Arthur (was Re: Help wanted: arthurian novels)

mecha godscylla mechagodscylla at
Sat Sep 27 14:33:39 EDT 2003

Pardon the delay in replying - my family was visiting this week and it was 
very hectic.

Minnow wrote (snip):

“Drabble's (1985) *Oxford Companion to English Literature* you will find "He
is a relatively late development in the English Arthurian tradition, not
appearing at length before the 14th cent., although the story of his love
for Guinevere is the subject of Chretien de Troyes' "Lancelot" (c 1170s)"
-- perhaps Drabble thinks Chretien de Troyes wasn't really an *English*
writer?  (Thinks: maybe Drabble has a point.  Troyes, Suffolk?  Troyes, nr.
Birmingham?  Nah; not in my gazeteer...)  Harvey's earlier edition (1937
second edition) of the same work starts the entry "Launcelot of the Lake,
appears only late in the series of English Arthurian romances, though he is
the subject of a great French prose-work..."  So one can see why Elise
might get the idea that "late" and "Launcelot" are linked, if she consulted
the standard sources for information on English (as opposed to French)

Just so!  But my concern did not have to do with my own feelings or 
preferences regarding canon or folklore, but with my willingness to go along 
with what the author of whatever fiction work I am reading, in this case 
Cornwell’s Arthur retelling, seems to be setting out to do.

In this instance, it seemed to me that Cornwell’s jumping off point for his 
retelling was the question, “What if Arthur was a real figure in post-Roman 
Britain, a warlord/or dux bellorum who fought the Saxons?”  And then he was 
off from the starting gate telling this story, envisioning this ‘what if,’ 
at a ripping pace.

Half way through, along comes Lancelot.

“What his *he* doing here?”  I asked myself.  “I didn’t think it was that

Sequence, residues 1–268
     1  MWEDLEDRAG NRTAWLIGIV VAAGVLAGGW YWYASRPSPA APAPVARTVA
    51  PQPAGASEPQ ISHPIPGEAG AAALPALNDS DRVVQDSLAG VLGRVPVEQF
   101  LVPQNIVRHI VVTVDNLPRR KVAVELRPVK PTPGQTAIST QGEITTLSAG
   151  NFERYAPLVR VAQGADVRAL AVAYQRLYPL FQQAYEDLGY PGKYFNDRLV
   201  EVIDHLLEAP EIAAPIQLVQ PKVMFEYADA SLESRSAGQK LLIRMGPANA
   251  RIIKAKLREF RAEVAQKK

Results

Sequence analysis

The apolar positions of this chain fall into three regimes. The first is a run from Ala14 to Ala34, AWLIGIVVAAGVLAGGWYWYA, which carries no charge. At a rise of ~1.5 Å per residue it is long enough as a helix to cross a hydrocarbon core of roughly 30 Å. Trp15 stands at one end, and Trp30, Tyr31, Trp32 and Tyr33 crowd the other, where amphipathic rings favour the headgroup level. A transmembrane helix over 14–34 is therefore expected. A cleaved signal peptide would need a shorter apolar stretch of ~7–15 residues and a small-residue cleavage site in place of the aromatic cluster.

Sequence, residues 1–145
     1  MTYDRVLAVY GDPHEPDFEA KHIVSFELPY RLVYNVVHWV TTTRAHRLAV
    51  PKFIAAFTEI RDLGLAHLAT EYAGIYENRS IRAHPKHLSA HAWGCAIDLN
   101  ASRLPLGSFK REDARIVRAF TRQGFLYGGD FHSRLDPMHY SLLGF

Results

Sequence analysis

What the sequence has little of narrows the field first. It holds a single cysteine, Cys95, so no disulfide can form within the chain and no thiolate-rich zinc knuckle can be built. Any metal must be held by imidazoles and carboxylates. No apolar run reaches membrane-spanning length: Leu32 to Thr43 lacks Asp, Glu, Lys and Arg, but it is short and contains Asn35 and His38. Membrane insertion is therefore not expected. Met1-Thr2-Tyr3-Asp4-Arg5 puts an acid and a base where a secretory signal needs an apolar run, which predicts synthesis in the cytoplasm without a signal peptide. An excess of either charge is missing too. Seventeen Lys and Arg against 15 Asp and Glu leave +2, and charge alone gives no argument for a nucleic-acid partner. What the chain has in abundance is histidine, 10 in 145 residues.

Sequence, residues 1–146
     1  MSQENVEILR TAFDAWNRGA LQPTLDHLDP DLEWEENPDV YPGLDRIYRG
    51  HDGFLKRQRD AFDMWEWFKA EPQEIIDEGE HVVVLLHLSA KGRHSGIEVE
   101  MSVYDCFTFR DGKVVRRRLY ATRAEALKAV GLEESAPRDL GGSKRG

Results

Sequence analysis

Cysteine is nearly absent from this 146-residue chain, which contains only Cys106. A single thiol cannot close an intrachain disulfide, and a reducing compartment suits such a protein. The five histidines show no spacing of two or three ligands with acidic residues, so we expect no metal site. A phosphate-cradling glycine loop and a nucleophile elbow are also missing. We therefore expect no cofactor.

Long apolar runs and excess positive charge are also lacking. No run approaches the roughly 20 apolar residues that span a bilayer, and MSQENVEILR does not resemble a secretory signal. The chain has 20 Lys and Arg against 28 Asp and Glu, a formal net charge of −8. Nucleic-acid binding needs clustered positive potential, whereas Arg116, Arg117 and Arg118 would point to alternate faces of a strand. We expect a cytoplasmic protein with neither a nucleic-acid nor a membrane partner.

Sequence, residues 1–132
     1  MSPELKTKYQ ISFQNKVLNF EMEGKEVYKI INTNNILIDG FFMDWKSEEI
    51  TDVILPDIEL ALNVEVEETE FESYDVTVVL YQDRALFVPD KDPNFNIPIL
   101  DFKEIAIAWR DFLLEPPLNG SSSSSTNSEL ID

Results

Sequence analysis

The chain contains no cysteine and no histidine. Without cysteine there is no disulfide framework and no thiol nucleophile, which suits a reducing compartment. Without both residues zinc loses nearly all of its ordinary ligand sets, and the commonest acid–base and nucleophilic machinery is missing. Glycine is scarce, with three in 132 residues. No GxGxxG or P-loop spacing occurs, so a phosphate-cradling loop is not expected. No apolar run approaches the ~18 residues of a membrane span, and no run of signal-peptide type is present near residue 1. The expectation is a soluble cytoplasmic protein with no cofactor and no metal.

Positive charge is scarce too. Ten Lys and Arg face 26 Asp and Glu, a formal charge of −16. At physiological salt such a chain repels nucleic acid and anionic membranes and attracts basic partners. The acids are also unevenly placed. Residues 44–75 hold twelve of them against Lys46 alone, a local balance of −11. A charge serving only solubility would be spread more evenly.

kind of story at all.”

Actually, it’s lucky this question came up.  It was my husband who gave me 
these books, and I don’t think I ever mentioned to him why I left off 
reading.  I was explaining my curious notions to him the other day, and it 
led to a renewal of my interest in re-reading and finishing the books.

“It’s not that I don’t like a story that, for example, sets out to ask, 
‘What if they had steam power and railroads in Ancient Rome?’  That’s fine.  
I’m all for the asking and answering of that question and any number of 
others.  But if the ‘what if’ question is, ‘What was it like to be 
Claudius,’ then I am irked if, half way through, it is revealed that there 
are steam engines and railroads in this story.  I feel as if the author is 
switching horses in midstream.”

“But Cornwell addressed this very question of Lancelot being in his story in 
his Afterword,” said my husband.

“There’s an Afterword?”

“Yes, he wrestled with that very thing and explained his reasons for 
including Lancelot.  And besides, he has Lancelot as a Bad Guy.  He’s a 

“Really?  Darling!  How long have we foolishly misunderstood each other?  If 
only I had confided sooner!”

And here I draw the veil across this scene of domestic amity, renewed and 
refreshed, and all thanks to Robyn’s students.

“It is my personal opinion that Elise has some justification for her view.
I do not say, as she does not, that this view must be shared by everyone….”

I wouldn’t think of suggesting it.  Nor am I even suggesting that an author 
should not switch horses in midstream, only that this reader might not 
finish the book.

“obDWJ, she doesn't use Lancelot in *Hexwood*.  She has Bedevere, Bors,
Arthur, Merlin, Morgan Le Fay, a good selection of the Old Gang, but not
Lancelot.  He simply wouldn't fit, would he?”

He’s not part of her ‘What if,’ is he?


“I don't: that would be for DWJ to do -- she says, Wulf is Wotan/Odin, and
why shouldn't she put him in if she wants to, since he seemed to fit like
pounds shillings and ounces?  (I forgot to ask about Fitela because they
came and demanded blood from me at that point and we got distracted.)”

That’s just it – it’s just a question of fit.  If the author knows it fits, 
whether by intuition or through reason or some mixture of the two, then it 
will come through in the work, and that’s enough for me to enjoy the story.  
And since my days of studying literature are behind me, enjoyment is my 
prime motive.



P.s. hope your thrombosis is sorted, Minnow.


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